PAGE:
open access

Vol 53, No 1 (2015)
Original paper
Submitted: 2014-08-10
Accepted: 2015-02-05
Published online: 2015-04-14
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DNA ploidy and morphology of colon tumors in the adenoma–carcinoma sequence

Judith Staarmann, Waleed F.A. Kotb, Iver Petersen
DOI: 10.5603/FHC.a2015.0001
·
Pubmed: 25677247
·
Folia Histochem Cytobiol 2015;53(1):11-18.

open access

Vol 53, No 1 (2015)
ORIGINAL PAPERS
Submitted: 2014-08-10
Accepted: 2015-02-05
Published online: 2015-04-14

Abstract

Introduction. Chromosomal changes are widespread in the vast majority of colon carcinomas and aneuploidy is an established prognostic factor. However, this knowledge so far has no influence on tumor classification. We reported a morphology-based classification scheme, the core classification, that correlates with DNA ploidy. In particular, tripolar mitoses were identified as surrogate markers of a near triploid DNA content. In addition, a survey on chromosome numbers and survival rates in carcinomas suggested that triploidy as a particular state of aneuploidy may be correlated with a more aggressive tumor phenotype. We therefore aimed to analyse DNA ploidy in the colorectal adenoma–carcinoma sequence.

Material and methods. The study collection consisted of 15 adenomas and 15 adenocarcinomas of 10 patients. Some of them showed a morphological transition between benign and malignant tumor components which were selectively analysed by DNA measurements. In addition, we assessed the morphological parameters of the core classification.

Results. The main findings of the study may be summarized as follows. 1) DNA ploidy changes are already consistently detectable in colon adenomas. They are usually associated with hyperdiploidy. 2) Adenoma tissue adjacent to carcinomas, however, may carry a hypodiploid DNA content while the nearby carcinoma samples were hyperdiploid. Hypodiploidy may thus represent a transition state to near triploid carcinomas. 3) The size of tumor nuclei and mitoses usually reflects the ploidy level of colon tumors. Specifically, triploid mitoses may point to a near triploid DNA content. 4) Triploidy per se cannot be equated with tumor aggressiveness as it may already be found in adenocarcinoma in situ. 5) Tripolar and tetrapolar mitoses in invasive colon cancer, however, are potential indicators of an advanced chromosomal instability and seemed to be associated with advanced tumor stages.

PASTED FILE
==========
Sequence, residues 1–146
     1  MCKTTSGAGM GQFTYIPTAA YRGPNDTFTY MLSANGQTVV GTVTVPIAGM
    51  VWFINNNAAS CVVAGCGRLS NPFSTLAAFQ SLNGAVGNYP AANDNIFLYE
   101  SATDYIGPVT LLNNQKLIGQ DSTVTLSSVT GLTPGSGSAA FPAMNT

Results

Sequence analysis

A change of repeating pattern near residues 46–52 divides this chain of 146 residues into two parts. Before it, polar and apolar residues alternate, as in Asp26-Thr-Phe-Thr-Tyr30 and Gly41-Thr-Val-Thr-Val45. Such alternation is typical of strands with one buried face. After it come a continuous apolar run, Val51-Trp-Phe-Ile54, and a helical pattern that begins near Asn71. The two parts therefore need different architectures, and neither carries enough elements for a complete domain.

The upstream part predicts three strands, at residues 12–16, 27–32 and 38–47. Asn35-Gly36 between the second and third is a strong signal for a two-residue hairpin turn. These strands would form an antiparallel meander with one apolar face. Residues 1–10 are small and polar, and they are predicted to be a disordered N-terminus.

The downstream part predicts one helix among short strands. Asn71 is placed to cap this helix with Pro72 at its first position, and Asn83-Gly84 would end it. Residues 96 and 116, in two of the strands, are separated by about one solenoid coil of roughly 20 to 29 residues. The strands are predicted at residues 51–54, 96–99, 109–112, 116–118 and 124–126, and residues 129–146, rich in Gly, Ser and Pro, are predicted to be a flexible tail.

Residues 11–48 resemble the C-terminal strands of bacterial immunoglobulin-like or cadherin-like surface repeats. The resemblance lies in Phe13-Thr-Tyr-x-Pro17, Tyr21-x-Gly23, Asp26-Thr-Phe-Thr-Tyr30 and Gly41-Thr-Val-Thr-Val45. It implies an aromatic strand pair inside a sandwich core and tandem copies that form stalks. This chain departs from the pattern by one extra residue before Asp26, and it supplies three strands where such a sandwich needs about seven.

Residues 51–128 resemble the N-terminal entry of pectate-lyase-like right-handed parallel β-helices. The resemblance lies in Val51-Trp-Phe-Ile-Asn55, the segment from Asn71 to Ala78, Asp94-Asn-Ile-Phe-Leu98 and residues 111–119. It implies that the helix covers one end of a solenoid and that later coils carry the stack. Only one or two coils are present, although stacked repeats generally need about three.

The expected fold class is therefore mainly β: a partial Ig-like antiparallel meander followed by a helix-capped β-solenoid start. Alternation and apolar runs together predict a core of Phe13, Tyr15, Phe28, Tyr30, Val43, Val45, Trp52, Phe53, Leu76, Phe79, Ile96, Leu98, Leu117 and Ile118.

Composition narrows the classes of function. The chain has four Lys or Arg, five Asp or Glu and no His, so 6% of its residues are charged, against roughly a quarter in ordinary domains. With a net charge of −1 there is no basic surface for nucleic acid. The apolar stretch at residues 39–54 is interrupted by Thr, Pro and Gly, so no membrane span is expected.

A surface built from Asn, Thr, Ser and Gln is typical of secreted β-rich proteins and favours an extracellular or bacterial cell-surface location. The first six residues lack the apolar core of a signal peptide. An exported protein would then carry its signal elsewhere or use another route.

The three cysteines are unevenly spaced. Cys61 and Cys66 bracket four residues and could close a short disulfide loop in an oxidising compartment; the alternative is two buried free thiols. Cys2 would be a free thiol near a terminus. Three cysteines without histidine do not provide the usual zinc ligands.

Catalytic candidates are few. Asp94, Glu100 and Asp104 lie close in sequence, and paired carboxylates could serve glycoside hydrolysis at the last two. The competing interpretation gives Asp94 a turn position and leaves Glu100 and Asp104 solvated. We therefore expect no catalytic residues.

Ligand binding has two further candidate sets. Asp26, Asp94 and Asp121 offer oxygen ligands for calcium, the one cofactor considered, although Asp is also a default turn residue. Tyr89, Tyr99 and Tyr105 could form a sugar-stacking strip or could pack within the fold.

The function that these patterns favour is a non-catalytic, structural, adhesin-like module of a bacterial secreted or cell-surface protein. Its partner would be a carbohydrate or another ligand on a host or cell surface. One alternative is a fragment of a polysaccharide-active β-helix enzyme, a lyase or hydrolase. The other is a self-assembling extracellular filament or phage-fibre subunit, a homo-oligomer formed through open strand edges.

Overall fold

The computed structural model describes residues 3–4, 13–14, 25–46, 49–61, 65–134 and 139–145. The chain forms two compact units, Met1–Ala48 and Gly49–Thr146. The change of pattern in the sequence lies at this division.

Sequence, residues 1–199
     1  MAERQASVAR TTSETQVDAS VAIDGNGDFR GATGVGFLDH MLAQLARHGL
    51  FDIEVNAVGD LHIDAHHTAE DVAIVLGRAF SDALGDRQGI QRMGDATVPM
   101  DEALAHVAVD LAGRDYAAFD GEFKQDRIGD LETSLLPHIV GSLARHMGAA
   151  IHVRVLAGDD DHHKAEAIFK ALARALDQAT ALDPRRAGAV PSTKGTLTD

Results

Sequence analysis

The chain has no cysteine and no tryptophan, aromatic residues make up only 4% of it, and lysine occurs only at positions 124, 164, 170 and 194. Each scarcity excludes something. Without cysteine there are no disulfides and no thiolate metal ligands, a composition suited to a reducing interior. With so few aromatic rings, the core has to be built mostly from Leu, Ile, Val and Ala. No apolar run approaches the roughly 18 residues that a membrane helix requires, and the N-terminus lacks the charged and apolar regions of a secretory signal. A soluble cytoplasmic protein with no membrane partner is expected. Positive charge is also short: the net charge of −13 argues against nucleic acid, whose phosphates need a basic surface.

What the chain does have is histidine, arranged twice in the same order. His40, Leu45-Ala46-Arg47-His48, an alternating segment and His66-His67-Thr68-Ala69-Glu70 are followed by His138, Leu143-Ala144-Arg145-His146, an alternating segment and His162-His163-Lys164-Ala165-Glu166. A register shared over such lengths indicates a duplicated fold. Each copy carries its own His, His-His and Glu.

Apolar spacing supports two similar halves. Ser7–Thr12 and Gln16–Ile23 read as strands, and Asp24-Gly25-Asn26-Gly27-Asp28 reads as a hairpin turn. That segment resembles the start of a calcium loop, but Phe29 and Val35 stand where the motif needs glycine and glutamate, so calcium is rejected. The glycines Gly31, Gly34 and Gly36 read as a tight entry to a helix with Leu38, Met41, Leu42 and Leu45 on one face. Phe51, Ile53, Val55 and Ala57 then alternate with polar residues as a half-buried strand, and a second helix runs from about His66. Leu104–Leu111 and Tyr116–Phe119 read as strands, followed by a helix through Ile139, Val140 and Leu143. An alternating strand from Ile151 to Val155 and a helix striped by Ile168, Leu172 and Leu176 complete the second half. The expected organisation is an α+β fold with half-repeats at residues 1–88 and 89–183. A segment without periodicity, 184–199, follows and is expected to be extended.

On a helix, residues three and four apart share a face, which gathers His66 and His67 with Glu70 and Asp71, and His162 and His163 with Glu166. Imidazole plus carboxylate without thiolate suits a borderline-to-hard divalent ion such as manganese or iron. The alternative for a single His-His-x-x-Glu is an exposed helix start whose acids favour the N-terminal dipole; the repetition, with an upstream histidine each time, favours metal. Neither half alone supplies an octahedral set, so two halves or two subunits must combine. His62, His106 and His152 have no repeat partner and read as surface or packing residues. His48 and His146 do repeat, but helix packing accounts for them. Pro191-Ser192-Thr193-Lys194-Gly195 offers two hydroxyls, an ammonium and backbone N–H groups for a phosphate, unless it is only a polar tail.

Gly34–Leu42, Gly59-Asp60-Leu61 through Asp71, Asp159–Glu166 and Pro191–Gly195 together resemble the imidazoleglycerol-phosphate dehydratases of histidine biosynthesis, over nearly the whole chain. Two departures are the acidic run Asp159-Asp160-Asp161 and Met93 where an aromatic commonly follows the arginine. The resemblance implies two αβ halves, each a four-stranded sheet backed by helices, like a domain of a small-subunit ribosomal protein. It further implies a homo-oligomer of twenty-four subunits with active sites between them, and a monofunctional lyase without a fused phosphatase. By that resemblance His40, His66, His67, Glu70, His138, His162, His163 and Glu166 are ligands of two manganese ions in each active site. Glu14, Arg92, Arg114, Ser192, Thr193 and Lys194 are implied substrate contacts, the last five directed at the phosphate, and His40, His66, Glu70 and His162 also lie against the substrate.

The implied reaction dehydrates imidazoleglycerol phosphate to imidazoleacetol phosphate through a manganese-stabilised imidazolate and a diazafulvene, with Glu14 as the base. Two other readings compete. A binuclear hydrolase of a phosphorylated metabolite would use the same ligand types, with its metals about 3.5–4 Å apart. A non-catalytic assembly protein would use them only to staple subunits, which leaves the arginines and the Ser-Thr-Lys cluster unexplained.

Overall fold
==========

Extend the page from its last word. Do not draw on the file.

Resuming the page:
Conclusions. We present data that hypodiploidy may represent a transition state from adenoma to carcinoma in a subset of colorectal tumors and that near-triploidy may be associated with a more aggressive course of the disease. However, the interpretation of tripolar mitoses and triploidy is largely dependent on the cell type (benign vs. malignant) and tissue context (invasive vs. non-invasive cancer). Furthermore, its interpretation may be distinct for different tumor stages and histotypes. Aneuploidy and multipolar mitoses are frequent findings in cancer cells. Their relevance for tumor biology deserves further studies.

Abstract